Now Arellano made some sort of vague threat regarding “problems” we’d had last time around. I wasn’t sure if he was talking about this fence photo incident, or the demonstration a number of us had held against a particularly deranged guard and for which he’d insisted on ascribing me a leadership role, or the column I wrote regarding a guard who was in the habit of locking black inmates in the shower stalls while bragging about how he’s a member of a whites-only Fort Worth gang, or the time I outed Aryan Circle member George “Tennessee” Pass as an FBI asset only to be shipped to another facility the following day, or my regular habit of adding the word “Story” to every instance of graffiti reading “West Side” I could find. But I assured him that I was just passing through this time and wouldn’t be writing about the jail this time, and certainly not about him.
After I finished lying to the cops, I was placed back in J2, a huge two-story chamber with some 50 little concrete cells running off the sides. This was my home during the most formative year of my life, and now, three years on, I had returned. It was sort of like Brideshead Revisited.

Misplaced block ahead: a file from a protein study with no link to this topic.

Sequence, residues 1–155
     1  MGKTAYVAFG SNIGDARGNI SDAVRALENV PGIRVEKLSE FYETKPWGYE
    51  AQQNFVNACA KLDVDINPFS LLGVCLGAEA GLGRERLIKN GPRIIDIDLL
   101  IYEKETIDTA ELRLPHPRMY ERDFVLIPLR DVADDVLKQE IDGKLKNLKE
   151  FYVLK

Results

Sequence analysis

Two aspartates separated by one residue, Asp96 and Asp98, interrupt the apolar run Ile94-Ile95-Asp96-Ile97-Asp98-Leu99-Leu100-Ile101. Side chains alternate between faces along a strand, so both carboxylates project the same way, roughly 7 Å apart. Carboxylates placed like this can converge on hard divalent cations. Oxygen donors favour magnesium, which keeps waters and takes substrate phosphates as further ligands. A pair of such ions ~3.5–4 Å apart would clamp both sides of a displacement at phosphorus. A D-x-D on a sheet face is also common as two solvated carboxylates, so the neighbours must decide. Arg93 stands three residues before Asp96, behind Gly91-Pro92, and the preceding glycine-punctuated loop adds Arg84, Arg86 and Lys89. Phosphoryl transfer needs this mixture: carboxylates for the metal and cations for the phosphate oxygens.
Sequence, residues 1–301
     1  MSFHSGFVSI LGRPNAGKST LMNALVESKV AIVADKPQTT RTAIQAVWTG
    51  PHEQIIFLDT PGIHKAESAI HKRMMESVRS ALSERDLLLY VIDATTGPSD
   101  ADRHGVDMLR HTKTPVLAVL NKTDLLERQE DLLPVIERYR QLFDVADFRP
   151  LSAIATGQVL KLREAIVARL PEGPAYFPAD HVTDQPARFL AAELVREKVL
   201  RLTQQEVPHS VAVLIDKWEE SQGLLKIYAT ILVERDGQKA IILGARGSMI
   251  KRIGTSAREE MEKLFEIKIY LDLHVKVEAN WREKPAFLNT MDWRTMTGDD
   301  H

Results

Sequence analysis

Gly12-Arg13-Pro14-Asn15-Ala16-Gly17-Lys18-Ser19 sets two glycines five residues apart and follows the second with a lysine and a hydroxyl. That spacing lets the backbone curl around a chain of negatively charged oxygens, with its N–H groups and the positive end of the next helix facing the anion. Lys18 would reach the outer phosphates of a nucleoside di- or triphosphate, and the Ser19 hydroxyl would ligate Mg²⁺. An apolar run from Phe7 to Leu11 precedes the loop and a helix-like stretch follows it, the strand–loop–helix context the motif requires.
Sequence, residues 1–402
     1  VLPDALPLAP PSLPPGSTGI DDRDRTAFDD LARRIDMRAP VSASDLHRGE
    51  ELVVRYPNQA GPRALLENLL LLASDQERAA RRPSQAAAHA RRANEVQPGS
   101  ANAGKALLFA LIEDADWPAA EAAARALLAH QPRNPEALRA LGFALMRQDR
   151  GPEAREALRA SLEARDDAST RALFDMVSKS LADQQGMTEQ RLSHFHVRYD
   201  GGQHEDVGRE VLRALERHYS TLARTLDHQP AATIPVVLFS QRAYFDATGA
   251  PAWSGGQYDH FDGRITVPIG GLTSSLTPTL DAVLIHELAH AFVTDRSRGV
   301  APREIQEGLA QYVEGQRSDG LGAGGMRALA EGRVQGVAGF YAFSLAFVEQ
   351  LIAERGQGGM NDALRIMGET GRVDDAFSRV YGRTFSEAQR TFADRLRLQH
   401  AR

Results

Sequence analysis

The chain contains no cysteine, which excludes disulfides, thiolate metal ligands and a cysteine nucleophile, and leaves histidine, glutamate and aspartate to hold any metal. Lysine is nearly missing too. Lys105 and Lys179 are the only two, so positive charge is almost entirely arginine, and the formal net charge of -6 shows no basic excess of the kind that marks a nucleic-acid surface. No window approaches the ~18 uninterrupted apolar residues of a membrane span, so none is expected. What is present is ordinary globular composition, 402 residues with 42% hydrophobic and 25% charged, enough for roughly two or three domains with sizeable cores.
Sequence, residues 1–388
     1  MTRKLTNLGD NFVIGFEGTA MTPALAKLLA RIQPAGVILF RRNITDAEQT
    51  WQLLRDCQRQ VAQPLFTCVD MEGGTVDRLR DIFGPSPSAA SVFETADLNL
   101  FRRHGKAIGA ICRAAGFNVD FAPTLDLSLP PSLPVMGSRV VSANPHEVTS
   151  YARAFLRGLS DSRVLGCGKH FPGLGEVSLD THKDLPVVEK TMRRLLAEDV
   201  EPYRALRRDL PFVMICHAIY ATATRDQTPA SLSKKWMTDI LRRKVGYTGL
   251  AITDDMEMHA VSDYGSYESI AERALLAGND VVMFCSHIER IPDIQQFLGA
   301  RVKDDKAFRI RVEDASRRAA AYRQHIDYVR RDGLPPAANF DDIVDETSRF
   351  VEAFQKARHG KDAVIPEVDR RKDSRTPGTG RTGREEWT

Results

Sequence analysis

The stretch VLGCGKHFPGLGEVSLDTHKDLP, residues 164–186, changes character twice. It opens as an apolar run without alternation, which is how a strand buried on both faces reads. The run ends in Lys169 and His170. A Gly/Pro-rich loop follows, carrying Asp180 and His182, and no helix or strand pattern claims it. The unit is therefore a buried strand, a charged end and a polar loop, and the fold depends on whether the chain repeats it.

Others had returned, too. I encountered an old friend I’ll call Con-C, after the name he used in the epic pen-and-paper role playing campaign I led in those days. The last time I’d seen Con-C, an up-and-coming meth dealer, he was being taken to the hole after assaulting another inmate (another one of my players, I’m afraid, though it wasn’t over the game). Since then he’d been transferred to the federal prison at El Reno, where he lived the exciting life of a prison opiate addict. Being a gregarious fellow, he’d managed to land a job as a sort of narco-ambassador for El Reno’s Native American faction, which didn’t deal directly with other races and thus needed someone to handle drug purchases (that Con-C himself was not a Native American, and that they’d still be dealing with him, didn’t matter for some reason). Plus he’d managed to acquire the only three syringes on the compound, which he rented out in exchange for a piece of whatever dope was being shot up. For an extra fee, he’d do the injecting himself on those customers who had trouble finding a vein. But Con-C blew his comfy setup when he agreed to buy heroin from the Aztecas on behalf of the resident Triad, using the credit of the Aryans. You can do this kind of thing on Wall Street, but in prison there are consequences for financial chicanery. He managed to survive the fallout, though, and had since been brought back to Seagoville for another case stemming from his original arrest.